Fiscal cliff, high unemployment, euro crisis, stalled economy, divisive election, Congressional gridlock, US debt downgrade, nuclear threat. If you watched the news in 2012, you’d be convinced it was a dismal year for the markets.
But it wasn’t. Quite the contrary. The investment performance numbers are in for 2012, and they tell a far better story than you might think.
Index ETFs surge
Of the 64 index ETFs we use at Osbon Capital, 62 were up in 2012, some quite dramatically. Here are some of the US stock ETFs. Click for the full list.
Data source: Bloomberg. Total return includes appreciation
and dividends. Click image for full list.
You would never know it by reading the news
Among stocks, the commonplace S&P 500 was up 15.8 percent, Europe (VGK) was up 21 percent, and emerging markets (VWO) gained 18.8 percent. VNQI, Vanguard’s international real estate fund led our list with a gain of 41.6 percent. Bonds (BND Vanguard total bond) managed a 4 percent return, and gold squeaked out a 5.2 percent gain. In other words, almost everything went up.
Hedge funds lag again
By contrast, the hedge fund group, the supposedly elite and turbo-charged class of investments, had another very lackluster year. The Economist reports a popular hedge fund benchmark was up just 3 percent last year. According to the same article, it was the ninth time in ten years that hedge funds trailed the S&P; the exception was 2008 when both dropped violently.
Average is above average
We’ve said it before but we’ll repeat it often as possible. The so-called “average” returns of index funds routinely beat active investment management. That’s why we advise our clients to forget racing, betting, or guessing returns, and simply reap market returns with a diversified portfolio of low-cost tax-efficient index ETFs.
Amid the doom and gloom pronouncements of headlines and hypsters, it’s easy to get distracted and discouraged. The results of 2012 remind us to stay focused on your own investment goals instead. After all, it is all about you.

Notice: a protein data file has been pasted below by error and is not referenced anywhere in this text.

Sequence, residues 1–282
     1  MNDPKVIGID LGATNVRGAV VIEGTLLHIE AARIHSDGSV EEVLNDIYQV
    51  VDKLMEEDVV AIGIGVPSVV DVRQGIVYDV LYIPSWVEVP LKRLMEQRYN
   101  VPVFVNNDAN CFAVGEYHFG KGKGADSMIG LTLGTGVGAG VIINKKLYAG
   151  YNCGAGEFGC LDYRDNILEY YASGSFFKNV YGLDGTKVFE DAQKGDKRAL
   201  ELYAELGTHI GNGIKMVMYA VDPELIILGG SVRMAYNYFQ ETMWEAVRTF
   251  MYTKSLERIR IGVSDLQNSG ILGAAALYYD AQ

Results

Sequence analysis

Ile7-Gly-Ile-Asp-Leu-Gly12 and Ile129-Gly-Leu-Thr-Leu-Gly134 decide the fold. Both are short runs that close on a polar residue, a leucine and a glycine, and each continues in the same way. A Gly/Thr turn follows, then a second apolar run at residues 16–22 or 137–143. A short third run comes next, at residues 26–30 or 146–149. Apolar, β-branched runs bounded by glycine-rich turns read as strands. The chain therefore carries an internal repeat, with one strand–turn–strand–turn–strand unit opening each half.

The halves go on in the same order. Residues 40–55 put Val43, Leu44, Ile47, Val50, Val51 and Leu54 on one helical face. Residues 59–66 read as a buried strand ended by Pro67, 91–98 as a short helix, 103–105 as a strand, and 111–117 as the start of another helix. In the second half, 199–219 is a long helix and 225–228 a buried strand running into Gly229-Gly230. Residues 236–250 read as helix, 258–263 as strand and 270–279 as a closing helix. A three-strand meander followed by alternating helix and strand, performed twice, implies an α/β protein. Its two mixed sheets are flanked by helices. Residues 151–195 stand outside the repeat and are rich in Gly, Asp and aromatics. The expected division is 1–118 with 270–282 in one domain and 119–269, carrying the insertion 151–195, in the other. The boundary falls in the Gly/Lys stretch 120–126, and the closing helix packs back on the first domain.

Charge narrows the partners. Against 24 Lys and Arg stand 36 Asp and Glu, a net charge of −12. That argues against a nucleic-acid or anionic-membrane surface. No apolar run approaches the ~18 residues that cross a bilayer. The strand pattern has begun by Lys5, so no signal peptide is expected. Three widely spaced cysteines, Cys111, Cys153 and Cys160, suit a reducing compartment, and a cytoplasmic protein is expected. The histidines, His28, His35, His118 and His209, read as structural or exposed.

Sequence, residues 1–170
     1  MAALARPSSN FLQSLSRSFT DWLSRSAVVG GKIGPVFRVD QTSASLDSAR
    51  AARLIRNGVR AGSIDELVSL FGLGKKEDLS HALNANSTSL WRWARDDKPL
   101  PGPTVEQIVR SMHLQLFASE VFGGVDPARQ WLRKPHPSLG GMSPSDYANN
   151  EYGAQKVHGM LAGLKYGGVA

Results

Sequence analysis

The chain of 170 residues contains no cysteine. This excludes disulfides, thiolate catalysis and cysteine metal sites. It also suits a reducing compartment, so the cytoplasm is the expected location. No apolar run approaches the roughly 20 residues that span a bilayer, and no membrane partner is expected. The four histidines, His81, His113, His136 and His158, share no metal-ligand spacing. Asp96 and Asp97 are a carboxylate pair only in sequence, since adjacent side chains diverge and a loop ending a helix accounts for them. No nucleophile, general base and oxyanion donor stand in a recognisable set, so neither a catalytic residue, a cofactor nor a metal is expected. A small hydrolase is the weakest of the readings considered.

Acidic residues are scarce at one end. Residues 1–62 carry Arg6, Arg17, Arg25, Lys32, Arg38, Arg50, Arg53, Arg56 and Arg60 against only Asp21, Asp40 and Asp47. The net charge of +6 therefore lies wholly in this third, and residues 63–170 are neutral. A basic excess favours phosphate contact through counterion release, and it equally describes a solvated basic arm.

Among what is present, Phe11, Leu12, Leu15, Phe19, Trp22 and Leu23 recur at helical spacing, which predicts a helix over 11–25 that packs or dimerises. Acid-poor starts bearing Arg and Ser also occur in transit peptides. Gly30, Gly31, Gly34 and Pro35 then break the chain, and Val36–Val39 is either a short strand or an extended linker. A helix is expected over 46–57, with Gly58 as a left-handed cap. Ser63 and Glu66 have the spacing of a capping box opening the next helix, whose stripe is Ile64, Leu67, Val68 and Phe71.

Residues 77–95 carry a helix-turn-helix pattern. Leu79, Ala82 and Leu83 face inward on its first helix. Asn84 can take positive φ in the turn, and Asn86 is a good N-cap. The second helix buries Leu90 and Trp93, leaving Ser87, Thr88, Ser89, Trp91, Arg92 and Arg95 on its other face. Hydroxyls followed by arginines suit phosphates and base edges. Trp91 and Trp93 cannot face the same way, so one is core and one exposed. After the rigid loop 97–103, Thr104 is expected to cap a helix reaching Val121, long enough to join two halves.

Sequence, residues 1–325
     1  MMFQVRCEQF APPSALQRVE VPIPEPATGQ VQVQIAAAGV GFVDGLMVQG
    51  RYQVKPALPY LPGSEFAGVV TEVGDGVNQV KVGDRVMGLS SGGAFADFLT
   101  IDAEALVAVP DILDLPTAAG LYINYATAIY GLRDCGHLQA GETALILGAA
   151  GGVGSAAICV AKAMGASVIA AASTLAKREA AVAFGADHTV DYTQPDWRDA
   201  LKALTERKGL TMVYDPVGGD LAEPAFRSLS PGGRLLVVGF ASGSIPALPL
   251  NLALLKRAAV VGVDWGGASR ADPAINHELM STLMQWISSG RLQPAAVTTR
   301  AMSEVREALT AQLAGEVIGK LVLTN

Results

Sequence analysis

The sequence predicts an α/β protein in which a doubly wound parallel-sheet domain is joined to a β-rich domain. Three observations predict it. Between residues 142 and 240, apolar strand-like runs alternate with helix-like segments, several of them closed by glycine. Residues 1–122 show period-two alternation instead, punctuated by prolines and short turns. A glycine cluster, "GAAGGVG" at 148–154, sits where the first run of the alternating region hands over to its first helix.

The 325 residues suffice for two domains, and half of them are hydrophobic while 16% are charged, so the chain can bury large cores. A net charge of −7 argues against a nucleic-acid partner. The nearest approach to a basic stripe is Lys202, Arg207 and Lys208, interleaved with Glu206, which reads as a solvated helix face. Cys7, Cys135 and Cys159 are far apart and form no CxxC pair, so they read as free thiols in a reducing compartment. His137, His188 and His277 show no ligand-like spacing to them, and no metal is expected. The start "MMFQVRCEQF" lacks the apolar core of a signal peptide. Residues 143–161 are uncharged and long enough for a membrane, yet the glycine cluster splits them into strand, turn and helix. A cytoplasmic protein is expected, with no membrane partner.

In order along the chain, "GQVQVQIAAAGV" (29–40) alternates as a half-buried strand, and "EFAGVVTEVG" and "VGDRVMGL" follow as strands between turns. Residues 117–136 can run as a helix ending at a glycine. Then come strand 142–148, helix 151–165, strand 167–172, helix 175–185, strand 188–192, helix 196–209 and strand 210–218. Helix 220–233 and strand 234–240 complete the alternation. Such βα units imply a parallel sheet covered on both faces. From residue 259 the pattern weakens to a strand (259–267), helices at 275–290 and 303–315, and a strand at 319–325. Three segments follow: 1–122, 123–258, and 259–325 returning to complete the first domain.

- This communication may include forward-looking statements. All statements other than statements of historical fact are forward-looking statements (including words such as “believe,” “estimate,” “anticipate,” “may,” “will,” “should,” and “expect”). Although we believe that the expectations reflected in such forward-looking statements are reasonable, we can give no assurance that such expectations will prove to be correct. Various factors could cause actual results or performance to differ materially from those discussed in such forward-looking statements.”
- “Historical performance is not indicative of future results. The investment return will fluctuate with market conditions.
- Past performance is not indicative of any specific investment or future results. Views regarding the economy, securities markets or other specialized areas, like all predictors of future events, cannot be guaranteed to be accurate and may result in economic loss to the investor.
- Investment strategies, philosophies, allocations and holdings are subject to change without prior notice.
- This communication is intended to provide general information only and should not be construed as an offer of specifically tailored individualized advice.
- While the Adviser believes the outside data sources cited to be credible, it has not independently verified the correctness of any of their inputs or calculations and, therefore, does not warranty the accuracy of any third-party sources or information.
- Adviser does not endorse the statements, services or performance of any third-party vendor.
- Unless stated otherwise, any mention of specific securities or investments is for hypothetical and illustrative purposes only. Adviser’s clients may or may not hold the securities discussed in their portfolios. Adviser makes no representations that any of the securities discussed have been or will be profitable.